Life prolonging animal experiments based on the MHA
The MHA offers a good chance for a useful anti-aging intervention. Namely, if the most vulnerable structure of the cells is the cell plasma membrane, one can try to improve the defense of this structure against the damaging factors, and this should be beneficial for the maintenance of the cell integrity for a longer time. This approach is favored also by the fact that most pharmacia can reach the cell membrane. In addition, it is also a very attractive hypothesis that the large differences between the survival times of various species can be due to various levels of efficiency of the membrane-protecting mechanisms.
The logical way of any anti-aging intervention should be, therefore, to increase the available number of loosely bound electrons inside the plasma membrane, which are easily accessible for OH• free radical scavenging. First we tested the effects and nature of some available membrane-related anti-aging pharmacia, like centrophenoxine (CPH), in both animal experiments and human clinical trials. It turned out from these experiments that centrophenoxine really efficiently protects the neuronal cell membranes against OH• free radical induced damage, and at the same time, prolongs the life span of experimental animals. It proved to be also beneficial on the brain performance in human clinical trials of 2 months, performed on a 75-year-old population (55, 56). Chronic, life-long human voluntary applications of CPH are in course since 1976, so far without any side-effects and with apparently good results (41).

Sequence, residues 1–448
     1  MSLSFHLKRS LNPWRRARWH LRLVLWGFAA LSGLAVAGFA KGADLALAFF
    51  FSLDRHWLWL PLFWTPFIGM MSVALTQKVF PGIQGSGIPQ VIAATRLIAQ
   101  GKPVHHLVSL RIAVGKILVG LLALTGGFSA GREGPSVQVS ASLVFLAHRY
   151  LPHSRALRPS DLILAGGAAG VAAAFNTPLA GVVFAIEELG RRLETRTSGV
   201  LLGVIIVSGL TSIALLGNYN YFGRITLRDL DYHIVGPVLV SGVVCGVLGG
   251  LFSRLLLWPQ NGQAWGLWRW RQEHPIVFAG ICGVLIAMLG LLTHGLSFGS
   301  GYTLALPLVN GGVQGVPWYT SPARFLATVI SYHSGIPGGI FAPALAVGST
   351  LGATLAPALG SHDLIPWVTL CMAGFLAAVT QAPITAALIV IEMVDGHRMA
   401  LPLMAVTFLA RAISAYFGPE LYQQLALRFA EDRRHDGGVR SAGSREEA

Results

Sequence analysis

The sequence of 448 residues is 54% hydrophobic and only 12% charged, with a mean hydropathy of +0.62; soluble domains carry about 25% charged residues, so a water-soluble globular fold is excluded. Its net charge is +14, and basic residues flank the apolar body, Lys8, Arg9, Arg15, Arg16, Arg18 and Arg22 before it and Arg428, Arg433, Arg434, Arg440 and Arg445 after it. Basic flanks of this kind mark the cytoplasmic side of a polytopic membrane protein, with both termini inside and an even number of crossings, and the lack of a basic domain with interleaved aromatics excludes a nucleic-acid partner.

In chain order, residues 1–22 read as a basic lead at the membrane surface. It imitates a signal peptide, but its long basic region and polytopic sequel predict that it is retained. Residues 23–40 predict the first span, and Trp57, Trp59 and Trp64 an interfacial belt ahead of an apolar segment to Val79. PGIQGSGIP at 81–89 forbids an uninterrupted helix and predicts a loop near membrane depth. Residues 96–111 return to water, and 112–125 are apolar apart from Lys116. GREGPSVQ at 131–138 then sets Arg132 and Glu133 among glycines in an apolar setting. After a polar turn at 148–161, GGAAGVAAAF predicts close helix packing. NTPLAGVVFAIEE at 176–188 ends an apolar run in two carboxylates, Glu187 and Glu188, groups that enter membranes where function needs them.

On the basis of those results, we have modified the CPH molecule, increasing the number of loosely bound electrons from 2 to 4 per molecule, leaving all other parts of the molecule intact. This new molecule has been coded as BCE-001 (57, 58). These modifications have resulted in a 1.9-fold faster rate constant of the OH• free radical scavenging reaction, and an even better life-prolonging effect in-vivo of old rats of an up to 40% increase in their medium life span. (13, 41, 57, 58). This drug is now under development for human testing.
It seems to be evident from the presented data that the basic concept of MHA realistically represents the basic process of cell differentiation and aging. One should consider the normal cell functioning as a continuous formation, damage and elimination cycle of the cell components, which are exposed to a continuous influence of damaging affects during their life. The highest rate of damage is involving the cell plasma membrane components, and consequently, this structure governs the entire machinery of protein synthesis very seriously. This assumption explains all the known characteristics of the maturation and aging process, explains the age-dependent decline of turnover of proteins, the accumulation of any natural or experimental “age pigment,” and what is more, it opened the way of the preventive, anti-aging pharmacological interventions. Serious further research is needed to convert this small, but exclusive hope into prolongation of the human life span during this century.